10 01 2014
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Fly-by view of Mercury, courtesy of NASA/Johns Hopkins University Applied Physics Laboratory/Carnegie Institution of Washington

 

WASHINGTON (AP) -- A desk-sized NASA spacecraft is riding the brakes all the way to Mercury, about to pull a tricky maneuver Thursday night to become the first man-made object to orbit the tiny planet.

After a trip of 4.9 billion miles and nearly six-and-a-half years, the Messenger spacecraft will try to careen into an egg-shaped orbit and fight off the gigantic gravitational pull of the sun. To do so, it will have to use more than half of the fuel it was launched with in 2004 to reduce speed dramatically in just fifteen minutes.

If all works well, Messenger will circle as close as 120 miles from the surface and survey the entire planet for a year, beginning April 4. It will learn about Mercury's mysterious magnetic field and - most tantalizing of all - discover if the closest-planet-to-the-sun has ice in its permanently dark frigid craters near its poles.

If all doesn't go well, it is more likely that the $446 million spacecraft flies away from Mercury and ends up circling the sun. NASA should know whether they succeed in about an hour.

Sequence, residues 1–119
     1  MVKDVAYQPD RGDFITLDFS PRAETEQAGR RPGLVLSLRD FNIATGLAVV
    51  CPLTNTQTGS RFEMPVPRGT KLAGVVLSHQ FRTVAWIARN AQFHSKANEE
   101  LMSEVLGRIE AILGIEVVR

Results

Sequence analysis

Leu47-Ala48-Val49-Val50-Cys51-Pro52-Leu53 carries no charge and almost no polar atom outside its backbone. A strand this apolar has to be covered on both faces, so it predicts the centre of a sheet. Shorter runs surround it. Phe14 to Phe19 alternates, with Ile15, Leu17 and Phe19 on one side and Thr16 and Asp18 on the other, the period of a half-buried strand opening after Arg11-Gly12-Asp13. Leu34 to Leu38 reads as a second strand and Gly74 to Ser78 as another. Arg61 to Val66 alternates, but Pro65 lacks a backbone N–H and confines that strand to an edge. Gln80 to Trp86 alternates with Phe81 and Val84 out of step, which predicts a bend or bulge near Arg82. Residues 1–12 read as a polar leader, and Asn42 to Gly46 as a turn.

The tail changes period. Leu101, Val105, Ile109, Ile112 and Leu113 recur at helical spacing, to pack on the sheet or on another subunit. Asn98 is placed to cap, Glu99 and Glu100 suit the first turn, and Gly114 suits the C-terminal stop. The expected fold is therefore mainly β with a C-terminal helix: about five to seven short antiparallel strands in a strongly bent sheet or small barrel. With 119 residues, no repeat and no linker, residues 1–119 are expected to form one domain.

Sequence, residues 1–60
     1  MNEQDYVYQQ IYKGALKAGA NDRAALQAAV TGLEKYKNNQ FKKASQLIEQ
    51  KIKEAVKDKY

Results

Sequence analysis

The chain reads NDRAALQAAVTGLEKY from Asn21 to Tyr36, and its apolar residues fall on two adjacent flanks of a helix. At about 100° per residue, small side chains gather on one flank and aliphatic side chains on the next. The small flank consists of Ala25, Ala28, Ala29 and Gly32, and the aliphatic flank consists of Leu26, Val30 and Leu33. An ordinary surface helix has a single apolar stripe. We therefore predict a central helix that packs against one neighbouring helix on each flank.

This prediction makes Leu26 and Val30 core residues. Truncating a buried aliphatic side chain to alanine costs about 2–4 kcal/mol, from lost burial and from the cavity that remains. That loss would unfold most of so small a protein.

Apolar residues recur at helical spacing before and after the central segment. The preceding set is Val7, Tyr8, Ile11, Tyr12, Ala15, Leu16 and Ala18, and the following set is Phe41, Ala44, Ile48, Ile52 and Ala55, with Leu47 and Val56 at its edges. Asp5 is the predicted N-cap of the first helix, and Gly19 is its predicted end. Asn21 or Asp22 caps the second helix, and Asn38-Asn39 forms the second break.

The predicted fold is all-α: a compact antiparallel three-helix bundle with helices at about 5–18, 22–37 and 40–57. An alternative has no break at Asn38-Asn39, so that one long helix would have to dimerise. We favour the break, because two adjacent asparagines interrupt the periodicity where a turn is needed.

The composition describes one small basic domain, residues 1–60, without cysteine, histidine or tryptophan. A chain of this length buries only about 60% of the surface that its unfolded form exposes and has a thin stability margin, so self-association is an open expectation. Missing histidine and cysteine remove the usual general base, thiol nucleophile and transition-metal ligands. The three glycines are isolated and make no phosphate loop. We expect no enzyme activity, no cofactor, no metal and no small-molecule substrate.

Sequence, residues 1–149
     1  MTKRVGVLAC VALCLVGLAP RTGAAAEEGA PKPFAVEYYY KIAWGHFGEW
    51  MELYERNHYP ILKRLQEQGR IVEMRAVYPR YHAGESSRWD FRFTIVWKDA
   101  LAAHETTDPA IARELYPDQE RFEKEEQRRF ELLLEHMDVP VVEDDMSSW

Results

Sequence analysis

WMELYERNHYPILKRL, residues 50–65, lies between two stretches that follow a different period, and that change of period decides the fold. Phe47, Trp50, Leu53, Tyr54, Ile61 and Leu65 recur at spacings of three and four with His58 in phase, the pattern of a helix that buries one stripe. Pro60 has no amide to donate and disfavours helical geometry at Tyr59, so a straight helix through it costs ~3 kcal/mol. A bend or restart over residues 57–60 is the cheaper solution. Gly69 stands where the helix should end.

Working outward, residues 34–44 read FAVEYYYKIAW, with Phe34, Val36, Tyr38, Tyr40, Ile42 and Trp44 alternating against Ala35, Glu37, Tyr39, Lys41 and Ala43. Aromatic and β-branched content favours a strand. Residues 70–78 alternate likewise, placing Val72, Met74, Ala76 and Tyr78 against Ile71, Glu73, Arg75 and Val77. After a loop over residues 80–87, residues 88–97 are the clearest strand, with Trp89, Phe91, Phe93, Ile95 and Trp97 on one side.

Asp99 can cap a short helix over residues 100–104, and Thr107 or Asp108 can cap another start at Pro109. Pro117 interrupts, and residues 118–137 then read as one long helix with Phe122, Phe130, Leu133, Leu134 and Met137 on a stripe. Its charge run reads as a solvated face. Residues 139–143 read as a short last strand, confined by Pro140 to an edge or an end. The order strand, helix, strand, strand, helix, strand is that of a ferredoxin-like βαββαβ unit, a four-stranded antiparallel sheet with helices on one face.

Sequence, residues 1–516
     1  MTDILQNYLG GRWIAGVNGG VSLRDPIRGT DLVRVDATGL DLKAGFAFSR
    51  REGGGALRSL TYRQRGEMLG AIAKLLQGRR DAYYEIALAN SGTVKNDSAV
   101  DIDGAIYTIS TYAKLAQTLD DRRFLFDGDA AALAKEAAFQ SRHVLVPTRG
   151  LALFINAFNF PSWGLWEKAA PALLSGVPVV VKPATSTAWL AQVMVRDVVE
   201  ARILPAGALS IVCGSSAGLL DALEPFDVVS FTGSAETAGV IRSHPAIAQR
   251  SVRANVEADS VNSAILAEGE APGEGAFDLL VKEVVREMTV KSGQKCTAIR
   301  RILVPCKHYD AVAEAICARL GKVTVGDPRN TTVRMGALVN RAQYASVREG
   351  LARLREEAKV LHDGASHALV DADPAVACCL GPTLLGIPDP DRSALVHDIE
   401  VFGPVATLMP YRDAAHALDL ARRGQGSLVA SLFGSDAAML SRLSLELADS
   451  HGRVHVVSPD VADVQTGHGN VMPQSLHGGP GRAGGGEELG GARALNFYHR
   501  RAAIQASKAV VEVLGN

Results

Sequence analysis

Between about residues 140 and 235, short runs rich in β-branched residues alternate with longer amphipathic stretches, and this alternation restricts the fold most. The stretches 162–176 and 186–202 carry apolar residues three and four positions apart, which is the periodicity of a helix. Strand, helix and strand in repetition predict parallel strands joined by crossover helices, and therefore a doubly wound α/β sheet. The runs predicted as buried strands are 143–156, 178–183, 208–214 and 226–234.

Making it difficult has been the sun's gravity and its incredible heat, forcing the probe to have large sunshades, said mission systems engineer Eric Finnegan. Messenger has had to take the long way around to get into Mercury's orbit because it has to continuously slow down and burn energy to get to the right place. While other spaceships have whipped around planets like a slingshot to speed up, Messenger has had to do just the opposite, going around Earth, Venus and Mercury to slow down.

"You're playing this incredible game of cosmic billiard balls to make this all work out," said Johns Hopkins University astronomer Ralph McNutt, who is a mission scientist.

If something goes wrong, engineers have fallback plans they can use in the next three days to three months to try to get the spacecraft back in some kind of orbit around Mercury.

NASA is shuttering the cameras on the spacecraft during the maneuver so there will be no pictures of the arrival, said mission chief scientist Sean Solomon.

Messenger has flown by Mercury a few times in its torturous trip there and Mariner 10 flew by there 36 years ago.

"Mercury has been called the forgotten planet because it's been so long since we sent a spacecraft there," Solomon said.

But that is about to change.

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